God Loses Dice

Salt Lake City, August 22, 2033 -- According to messages posted simultaneously on all Lost and Found bulletin boards in the world, God, considered by many to be an important force in the creation and ongoing maintenance of the universe, has lost his dice and urgently needs them back.

God's diceGod's dice

The messages, which appeared in over 6,300 different languages and alphabets, request that any person who happens to spot the two dice cubes, described as "white, 446 light-years in length along each face, and fuzzy" please contact God at his or her earliest possible convenience.

God's message was signed with all nine billion of His names (see attached list).

Until God's dice are found and returned to Him, scientists fear their continued absence may have serious implications on fundamental structures of the universe ranging from the process of evolution through the principles of quantum mechanics.

"If God has misplaced his dice, then right away we can strike the Heisenberg Uncertainty Principle," Dr. Murphy Chladni, a physicist with UC Davis, said. "Einstein will at last be right, at least for awhile, and we will finally be able to determine both the position and speed of elementary particles at the same time. This will let us revert to Newtonian mechanics, in which, thank God, the calculations are a whole lot simpler, until the dice are recovered."

Dr. Chladni was referring to Albert Einstein's infamous rejection of the uncertainty that underlies quantum theory, summarized by his phrase, "God does not play dice." While the rejection had been disproved repeatedly over the past century, God's public request for assistance in finding the purportedly non-existent dice is now seen as the final nail in the coffin of Einstein's uncharacteristic invocation of hidden theories to temper the clash between scientific inquiry and religious beliefs.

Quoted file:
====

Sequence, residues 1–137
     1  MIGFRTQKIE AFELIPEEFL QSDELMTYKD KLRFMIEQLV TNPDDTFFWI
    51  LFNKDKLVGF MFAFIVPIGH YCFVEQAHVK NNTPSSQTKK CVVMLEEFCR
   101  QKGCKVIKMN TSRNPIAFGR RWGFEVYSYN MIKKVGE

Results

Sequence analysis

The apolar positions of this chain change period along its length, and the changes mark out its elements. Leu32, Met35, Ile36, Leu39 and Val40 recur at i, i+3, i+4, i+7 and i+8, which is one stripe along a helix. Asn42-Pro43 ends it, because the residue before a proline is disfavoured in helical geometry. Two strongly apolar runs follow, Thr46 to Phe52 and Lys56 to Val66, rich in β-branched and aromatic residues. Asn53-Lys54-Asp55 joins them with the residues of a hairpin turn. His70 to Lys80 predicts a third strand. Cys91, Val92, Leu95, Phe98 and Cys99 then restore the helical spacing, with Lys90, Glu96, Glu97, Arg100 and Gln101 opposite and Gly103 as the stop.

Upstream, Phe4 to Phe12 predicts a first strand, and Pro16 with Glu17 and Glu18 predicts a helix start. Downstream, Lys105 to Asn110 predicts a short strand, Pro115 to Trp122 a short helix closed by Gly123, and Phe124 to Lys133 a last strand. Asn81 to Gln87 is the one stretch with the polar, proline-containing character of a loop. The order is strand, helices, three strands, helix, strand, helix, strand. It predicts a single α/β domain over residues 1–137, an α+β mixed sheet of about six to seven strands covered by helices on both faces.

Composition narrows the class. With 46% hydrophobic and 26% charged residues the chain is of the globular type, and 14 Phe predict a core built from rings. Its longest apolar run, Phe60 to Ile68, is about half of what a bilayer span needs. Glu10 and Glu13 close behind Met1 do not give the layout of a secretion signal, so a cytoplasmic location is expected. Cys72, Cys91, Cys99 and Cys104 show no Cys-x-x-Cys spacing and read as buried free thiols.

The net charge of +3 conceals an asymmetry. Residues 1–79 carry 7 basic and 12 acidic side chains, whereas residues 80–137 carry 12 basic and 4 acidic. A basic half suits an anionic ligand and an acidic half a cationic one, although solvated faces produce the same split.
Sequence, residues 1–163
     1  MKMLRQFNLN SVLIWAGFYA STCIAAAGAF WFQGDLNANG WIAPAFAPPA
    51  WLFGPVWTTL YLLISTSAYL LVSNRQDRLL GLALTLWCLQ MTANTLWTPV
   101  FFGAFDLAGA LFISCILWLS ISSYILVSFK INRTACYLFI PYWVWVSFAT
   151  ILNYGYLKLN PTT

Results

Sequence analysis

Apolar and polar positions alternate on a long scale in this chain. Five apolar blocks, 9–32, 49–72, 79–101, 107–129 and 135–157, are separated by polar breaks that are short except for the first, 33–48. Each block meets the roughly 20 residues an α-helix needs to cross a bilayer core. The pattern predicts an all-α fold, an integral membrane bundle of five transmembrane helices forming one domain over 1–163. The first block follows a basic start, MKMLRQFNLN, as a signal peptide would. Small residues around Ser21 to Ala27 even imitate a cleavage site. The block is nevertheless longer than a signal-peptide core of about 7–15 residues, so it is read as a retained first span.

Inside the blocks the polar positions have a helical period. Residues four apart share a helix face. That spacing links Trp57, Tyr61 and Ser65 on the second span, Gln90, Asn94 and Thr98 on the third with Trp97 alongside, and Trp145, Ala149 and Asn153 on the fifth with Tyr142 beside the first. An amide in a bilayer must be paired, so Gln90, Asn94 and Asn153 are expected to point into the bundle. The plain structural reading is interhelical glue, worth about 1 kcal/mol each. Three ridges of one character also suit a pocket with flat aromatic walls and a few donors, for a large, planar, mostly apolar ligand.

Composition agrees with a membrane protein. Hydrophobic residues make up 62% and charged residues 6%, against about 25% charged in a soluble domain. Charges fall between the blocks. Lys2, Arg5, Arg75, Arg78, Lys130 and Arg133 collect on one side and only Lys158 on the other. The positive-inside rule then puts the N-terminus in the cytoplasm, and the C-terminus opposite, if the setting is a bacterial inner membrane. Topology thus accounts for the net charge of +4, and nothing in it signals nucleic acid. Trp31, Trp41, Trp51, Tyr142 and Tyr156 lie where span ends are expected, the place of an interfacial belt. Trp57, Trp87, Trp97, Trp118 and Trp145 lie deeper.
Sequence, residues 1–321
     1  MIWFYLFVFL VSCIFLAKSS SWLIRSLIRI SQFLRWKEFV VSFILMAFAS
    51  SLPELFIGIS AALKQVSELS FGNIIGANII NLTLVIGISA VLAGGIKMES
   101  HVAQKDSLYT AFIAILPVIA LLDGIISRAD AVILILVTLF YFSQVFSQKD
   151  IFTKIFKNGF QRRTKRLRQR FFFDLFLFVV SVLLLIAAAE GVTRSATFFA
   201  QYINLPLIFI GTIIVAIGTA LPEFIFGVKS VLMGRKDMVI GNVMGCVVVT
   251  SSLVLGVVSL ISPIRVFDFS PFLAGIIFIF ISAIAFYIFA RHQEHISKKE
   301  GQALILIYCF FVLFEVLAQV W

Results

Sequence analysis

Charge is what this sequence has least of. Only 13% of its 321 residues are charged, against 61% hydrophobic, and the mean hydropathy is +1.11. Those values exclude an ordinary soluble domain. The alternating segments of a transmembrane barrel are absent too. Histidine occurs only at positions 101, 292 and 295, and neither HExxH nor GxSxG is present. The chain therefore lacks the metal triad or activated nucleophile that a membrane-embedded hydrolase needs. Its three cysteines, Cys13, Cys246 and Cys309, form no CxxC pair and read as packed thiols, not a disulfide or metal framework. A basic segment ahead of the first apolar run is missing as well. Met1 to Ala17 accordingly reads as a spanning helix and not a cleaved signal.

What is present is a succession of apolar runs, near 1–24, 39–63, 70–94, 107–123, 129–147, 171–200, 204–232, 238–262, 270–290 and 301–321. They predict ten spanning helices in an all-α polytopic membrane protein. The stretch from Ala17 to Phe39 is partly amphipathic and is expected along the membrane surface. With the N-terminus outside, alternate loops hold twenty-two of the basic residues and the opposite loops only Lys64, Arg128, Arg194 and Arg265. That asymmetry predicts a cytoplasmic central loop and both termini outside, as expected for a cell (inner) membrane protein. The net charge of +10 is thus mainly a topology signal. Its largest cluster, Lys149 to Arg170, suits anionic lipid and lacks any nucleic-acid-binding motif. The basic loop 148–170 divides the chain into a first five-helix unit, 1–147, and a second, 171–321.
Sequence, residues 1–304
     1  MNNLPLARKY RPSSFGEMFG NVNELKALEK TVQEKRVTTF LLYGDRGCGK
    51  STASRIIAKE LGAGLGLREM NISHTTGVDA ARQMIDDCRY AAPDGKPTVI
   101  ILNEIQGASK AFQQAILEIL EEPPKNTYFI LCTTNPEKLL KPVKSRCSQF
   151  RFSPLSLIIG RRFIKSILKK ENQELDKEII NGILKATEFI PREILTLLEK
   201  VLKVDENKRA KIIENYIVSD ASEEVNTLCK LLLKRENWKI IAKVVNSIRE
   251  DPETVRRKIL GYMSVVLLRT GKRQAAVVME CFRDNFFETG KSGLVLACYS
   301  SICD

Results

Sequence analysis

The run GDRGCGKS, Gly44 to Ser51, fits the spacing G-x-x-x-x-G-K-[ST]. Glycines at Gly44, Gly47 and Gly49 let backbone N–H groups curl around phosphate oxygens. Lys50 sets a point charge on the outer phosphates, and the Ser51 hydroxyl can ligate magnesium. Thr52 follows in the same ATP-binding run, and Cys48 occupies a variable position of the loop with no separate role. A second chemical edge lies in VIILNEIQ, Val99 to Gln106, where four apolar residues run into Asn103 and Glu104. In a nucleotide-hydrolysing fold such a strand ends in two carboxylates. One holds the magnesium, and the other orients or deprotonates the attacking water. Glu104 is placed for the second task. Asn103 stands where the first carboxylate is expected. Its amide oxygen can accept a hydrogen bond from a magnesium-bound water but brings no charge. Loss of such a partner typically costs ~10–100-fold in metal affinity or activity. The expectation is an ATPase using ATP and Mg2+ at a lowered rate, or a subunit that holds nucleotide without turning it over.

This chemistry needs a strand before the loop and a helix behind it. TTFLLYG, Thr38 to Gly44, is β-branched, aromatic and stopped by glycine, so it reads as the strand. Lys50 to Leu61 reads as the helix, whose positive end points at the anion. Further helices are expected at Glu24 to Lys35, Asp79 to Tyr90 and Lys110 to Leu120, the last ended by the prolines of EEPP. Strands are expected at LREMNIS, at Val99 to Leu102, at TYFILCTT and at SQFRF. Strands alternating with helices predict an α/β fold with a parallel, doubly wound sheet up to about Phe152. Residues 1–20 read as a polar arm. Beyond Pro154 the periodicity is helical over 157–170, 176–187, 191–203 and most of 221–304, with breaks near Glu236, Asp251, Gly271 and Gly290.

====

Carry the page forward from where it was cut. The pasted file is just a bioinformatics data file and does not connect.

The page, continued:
The loss of God's dice, which are also viewed by biologists as essential to the continuing processes of genetic mutation and adaptation through natural selection, may have profound long-term implications on the process of evolution.

"If God can't toss his dice, thereby commanding the occasional DNA and RNA strand to break or suffer a copying error, then the gene pool as we know it will become essentially static," Dr. Murphy "Murph" Muller, a molecular biologist at Harvard University, said. "We'll continue to see natural selection working on populations in which small alterations have already taken place, but those can be expected to fizzle out after a few generations if the dice aren't recovered, allowing new variations to be introduced."

According to Dr. Muller, a temporary halt to the process of evolution could have both positive and negative long and short-term implications.

"On the one hand, disease control will become a snap," Dr. Muller said. "If all viruses in the world stay exactly the way they are, rather than going through the familiar process of rapid mutation and adaptation that we're accustomed to, vaccine manufacture and application will become a good deal easier. You'll finally be able to get a reliable flu shot, for example. A lot of cancers will likely become significantly less common as well. Agricultural pest control will be a no-brainer."

"However, without the mechanism of natural selection following mutation, we'll start seeing large-scale extinctions within a few decades as environmental conditions inevitably alter and with no mechanism for adaptation available to affected bird, animal, insect, and even human populations. There's really no way to judge just how serious the impact of that will be on our ecosystem over the long term."

Drs. Muller and Chladni together urged world leaders to join in a universe-wide search for God's dice as quickly as possible.

"If God doesn't get his dice back, sure, calculating the trajectory of satellite transmissions will get a little easier, and maybe some medicine will be simplified, but I don't even want to imagine what a static world would like look after a hundred years," Dr. Chladni said. "I say, point every telescope we have at every point in the heavens where God may have last been playing with those dice and find the damn things before all hell breaks loose."

By Ion Zwitter, Avant News Editor

Copyright © 2005-2505 AvantNews.com. All rights reserved.
Avant News contains satire and other fictional material, provided for entertainment purposes only. Disclaimer. Syndicate. Privacy.